Fractures often influence production in hydrocarbon reservoirs, yet the pressure transients observed in the wells might not show the conventional well-test signatures. In this case, the effect of fractures on production would be misinterpreted or even completely missed. The heterogeneous nature of fractured reservoirs makes them difficult to characterize and develop. In addition, the location of a producer within the fracture network also affects the pressure response; however, conventional well-test analysis assumes that the producer is located in symmetrical fracture networks. In this paper we investigate the effects of variations in fracture conductivity and location of the producer in the fracture network on the pressure-transient responses. To overcome the limitations of the dual-porosity (DP) model, this study uses a discrete fracture/matrix (DFM) modeling technique and an unstructured-grid reservoir simulator to generate pressure transients in all analyzed fracture networks. Our rigorous and systematic geoengineering work flow enables us to correlate the pressure transients to the known geological features of the simulated reservoir model. We observed that the simulated pressure transients vary significantly depending on the location of the producer in the fracture network and the properties of the fractures that the producer intercepts. Our findings enable us to interpret some unconventional features of intersecting fractures with variable conductivity. We observed that the behavior of two intersecting fractures, in which the well asymmetrically intercepts a finite-conductivity fracture, can be similar to that of a well intercepting a fracture in a connected fracture network with uniform fracture conductivity. Furthermore, a well intercepting a finite-conductivity fracture in naturally fractured reservoirs (NFRs) with both finite- and infinite-conductivity fractures would yield a DP response (V-shape) that might otherwise be absent if the fracture network is assumed to have uniform conductivity.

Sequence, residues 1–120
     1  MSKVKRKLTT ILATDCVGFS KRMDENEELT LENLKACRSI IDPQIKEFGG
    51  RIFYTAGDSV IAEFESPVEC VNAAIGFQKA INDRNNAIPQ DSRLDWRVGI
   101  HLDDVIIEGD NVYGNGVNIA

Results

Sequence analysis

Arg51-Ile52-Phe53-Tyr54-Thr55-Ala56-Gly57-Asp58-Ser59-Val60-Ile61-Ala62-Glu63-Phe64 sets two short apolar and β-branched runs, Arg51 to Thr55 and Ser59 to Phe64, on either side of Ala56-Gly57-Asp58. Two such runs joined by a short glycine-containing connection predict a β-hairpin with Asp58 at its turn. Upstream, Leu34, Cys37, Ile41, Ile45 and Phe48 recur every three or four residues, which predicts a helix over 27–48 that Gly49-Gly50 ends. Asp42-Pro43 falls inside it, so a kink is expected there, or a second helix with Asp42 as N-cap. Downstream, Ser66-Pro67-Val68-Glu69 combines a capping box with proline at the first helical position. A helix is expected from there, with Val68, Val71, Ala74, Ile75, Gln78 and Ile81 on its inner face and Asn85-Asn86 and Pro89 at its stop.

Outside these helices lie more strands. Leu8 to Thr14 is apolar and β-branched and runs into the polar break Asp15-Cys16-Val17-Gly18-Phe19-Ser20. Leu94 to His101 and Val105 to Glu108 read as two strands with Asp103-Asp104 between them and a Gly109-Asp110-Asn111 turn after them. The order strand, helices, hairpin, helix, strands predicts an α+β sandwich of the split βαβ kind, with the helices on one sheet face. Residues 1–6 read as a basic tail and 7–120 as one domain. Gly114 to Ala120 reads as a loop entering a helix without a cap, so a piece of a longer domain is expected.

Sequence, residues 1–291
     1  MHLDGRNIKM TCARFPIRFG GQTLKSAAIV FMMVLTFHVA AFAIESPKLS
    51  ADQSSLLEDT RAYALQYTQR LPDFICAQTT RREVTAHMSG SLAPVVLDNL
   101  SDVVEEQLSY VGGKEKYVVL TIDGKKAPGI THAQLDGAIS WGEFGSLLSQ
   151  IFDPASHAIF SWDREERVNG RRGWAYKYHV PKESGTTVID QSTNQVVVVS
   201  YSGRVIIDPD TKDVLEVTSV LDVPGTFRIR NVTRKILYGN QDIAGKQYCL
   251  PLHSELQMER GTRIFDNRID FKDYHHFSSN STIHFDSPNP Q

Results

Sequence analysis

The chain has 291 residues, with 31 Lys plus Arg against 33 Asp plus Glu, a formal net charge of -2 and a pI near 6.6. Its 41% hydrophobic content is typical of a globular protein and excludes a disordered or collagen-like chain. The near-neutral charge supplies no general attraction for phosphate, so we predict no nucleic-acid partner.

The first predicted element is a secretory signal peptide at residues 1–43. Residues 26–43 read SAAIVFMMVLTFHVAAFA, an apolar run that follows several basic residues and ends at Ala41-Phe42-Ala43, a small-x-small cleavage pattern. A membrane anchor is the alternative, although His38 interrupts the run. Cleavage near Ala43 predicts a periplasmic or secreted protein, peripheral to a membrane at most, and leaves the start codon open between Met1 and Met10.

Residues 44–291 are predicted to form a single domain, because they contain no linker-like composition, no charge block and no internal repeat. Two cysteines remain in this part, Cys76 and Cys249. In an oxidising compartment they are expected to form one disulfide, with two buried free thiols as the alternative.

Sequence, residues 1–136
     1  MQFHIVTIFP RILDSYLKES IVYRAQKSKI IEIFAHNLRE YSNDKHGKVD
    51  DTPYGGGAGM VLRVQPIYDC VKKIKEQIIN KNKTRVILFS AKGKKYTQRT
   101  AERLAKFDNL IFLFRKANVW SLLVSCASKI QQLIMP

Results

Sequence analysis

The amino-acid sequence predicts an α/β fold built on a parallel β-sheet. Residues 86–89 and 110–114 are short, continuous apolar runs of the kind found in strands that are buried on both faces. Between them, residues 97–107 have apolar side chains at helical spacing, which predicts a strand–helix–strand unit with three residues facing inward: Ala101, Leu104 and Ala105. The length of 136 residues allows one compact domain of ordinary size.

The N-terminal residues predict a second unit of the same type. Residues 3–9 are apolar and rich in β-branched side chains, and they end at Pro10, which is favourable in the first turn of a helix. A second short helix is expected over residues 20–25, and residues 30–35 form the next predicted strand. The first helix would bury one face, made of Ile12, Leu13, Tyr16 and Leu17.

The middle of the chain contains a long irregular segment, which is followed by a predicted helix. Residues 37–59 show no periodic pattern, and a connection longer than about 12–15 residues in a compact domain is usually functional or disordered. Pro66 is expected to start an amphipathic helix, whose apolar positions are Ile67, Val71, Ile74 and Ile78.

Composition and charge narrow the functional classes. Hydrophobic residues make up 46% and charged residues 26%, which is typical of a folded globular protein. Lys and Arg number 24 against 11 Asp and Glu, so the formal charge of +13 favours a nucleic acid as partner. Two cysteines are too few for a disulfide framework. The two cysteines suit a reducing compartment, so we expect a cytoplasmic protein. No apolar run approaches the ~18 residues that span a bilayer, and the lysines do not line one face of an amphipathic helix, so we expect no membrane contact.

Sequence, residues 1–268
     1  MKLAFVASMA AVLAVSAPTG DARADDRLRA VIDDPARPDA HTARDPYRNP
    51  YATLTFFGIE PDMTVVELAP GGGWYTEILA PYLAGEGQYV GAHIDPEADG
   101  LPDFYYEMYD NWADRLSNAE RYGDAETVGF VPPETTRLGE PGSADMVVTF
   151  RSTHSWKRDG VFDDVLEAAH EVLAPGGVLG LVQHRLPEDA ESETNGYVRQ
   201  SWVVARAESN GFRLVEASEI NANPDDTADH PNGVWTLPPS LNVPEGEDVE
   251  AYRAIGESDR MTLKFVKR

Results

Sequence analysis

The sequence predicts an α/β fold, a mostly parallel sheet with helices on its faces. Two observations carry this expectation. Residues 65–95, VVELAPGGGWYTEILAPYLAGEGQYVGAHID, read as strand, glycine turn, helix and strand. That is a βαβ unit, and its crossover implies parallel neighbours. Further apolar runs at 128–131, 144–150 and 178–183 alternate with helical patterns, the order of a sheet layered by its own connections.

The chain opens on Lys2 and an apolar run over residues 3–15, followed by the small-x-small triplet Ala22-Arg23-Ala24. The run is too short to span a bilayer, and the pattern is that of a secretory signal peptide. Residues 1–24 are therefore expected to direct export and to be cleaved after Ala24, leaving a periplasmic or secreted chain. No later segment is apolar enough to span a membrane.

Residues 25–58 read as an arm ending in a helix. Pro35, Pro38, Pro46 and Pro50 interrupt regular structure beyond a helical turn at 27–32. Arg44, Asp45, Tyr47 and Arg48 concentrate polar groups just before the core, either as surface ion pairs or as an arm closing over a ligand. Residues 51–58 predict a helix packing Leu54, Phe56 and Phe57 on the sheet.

ASJC Scopus subject areas
- Fuel Technology
- Energy Engineering and Power Technology